Scientists light up data transfer on chips

Researchers at Johns Hopkins University in the US have developed a technique that allows them to use light, rather than...

Researchers at Johns Hopkins University in the US have developed a technique that allows them to use light, rather than electricity, to send data between microchips.

The technology will greatly increase the speed at which data travels in computer and networking systems, according to one of the inventors.

The new technique relies on the same technology used in fibre optic communication, but adds a new material for building chips into the equation.

While computer chips are currently built using silicon, the new technique, called "silicon on sapphire", uses thin slices of silicon placed on top of a layer of synthetic sapphire to achieve its effects, according to Alyssa Apsel, co-inventor of the technology. Apsel worked on the project with Andreas Andreou, the technology's other co-inventor and a professor at Johns Hopkins.

The researchers expect that data transmitted using the new technology could move as much as 100 times faster than data sent over wires. The silicon-on-sapphire technology will also use less power than current chips.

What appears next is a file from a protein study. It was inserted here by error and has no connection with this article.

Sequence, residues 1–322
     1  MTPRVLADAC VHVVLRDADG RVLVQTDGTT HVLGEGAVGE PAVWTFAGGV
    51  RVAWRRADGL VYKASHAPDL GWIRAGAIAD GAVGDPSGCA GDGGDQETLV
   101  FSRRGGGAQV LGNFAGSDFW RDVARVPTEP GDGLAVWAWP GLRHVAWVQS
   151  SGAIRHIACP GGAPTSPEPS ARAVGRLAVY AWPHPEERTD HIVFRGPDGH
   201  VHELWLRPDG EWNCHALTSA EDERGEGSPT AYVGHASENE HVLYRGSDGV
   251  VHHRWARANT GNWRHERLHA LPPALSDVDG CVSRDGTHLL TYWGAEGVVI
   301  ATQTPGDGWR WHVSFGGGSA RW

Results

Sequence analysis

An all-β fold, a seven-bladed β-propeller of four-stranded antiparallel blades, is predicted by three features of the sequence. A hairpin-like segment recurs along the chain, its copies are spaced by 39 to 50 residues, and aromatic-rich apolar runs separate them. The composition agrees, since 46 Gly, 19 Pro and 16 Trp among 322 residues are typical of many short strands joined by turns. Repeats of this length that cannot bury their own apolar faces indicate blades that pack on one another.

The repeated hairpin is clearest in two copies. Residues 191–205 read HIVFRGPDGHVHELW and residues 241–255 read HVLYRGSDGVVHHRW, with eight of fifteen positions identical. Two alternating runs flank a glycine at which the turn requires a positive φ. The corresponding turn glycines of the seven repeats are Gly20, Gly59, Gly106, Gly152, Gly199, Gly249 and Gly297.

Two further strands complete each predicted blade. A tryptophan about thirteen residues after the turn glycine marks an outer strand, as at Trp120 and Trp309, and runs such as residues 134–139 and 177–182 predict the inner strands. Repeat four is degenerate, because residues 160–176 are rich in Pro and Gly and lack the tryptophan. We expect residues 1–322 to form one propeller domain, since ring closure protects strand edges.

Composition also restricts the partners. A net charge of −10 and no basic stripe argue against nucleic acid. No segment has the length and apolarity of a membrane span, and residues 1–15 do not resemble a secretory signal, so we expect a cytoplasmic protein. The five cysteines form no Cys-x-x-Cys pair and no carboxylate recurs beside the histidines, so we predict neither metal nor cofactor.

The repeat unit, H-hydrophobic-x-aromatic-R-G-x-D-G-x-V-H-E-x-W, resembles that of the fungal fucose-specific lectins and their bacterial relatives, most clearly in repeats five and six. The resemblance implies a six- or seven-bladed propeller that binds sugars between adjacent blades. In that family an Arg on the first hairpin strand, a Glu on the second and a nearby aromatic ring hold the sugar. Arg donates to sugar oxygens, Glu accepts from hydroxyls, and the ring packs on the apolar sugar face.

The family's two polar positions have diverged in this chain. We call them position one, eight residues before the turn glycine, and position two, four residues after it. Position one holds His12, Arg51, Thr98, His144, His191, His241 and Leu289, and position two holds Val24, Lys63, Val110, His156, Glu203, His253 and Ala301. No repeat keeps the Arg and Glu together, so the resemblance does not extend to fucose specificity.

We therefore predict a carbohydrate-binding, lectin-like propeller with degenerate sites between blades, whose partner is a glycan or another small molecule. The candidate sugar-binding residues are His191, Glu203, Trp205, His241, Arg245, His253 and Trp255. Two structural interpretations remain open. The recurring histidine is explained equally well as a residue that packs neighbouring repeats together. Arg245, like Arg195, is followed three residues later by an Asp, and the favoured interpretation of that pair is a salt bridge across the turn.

When data is transmitted to the silicon-on-sapphire chip by a wire, it is then turned into light and beamed through the sapphire using a microscopic laser built onto the chip, Apsel said. The data is then sent to either another part of the chip or, using an optical fibre, to another chip. When the laser containing the data enters the new chip, an optical receiver circuit transforms the light back into electricity.

Although optical transmission and microscopic lasers are both almost 10 years old, the addition of the sapphire layer on the chip, through which the data is sent, represents a breakthrough. Apsel believe that commercial implementation of the technology could happen within a few years.

The new development could also help cut costs for high-speed transfer technologies. Apsel also sees potential applications for the technology in optical processing, as well as in local area networking.

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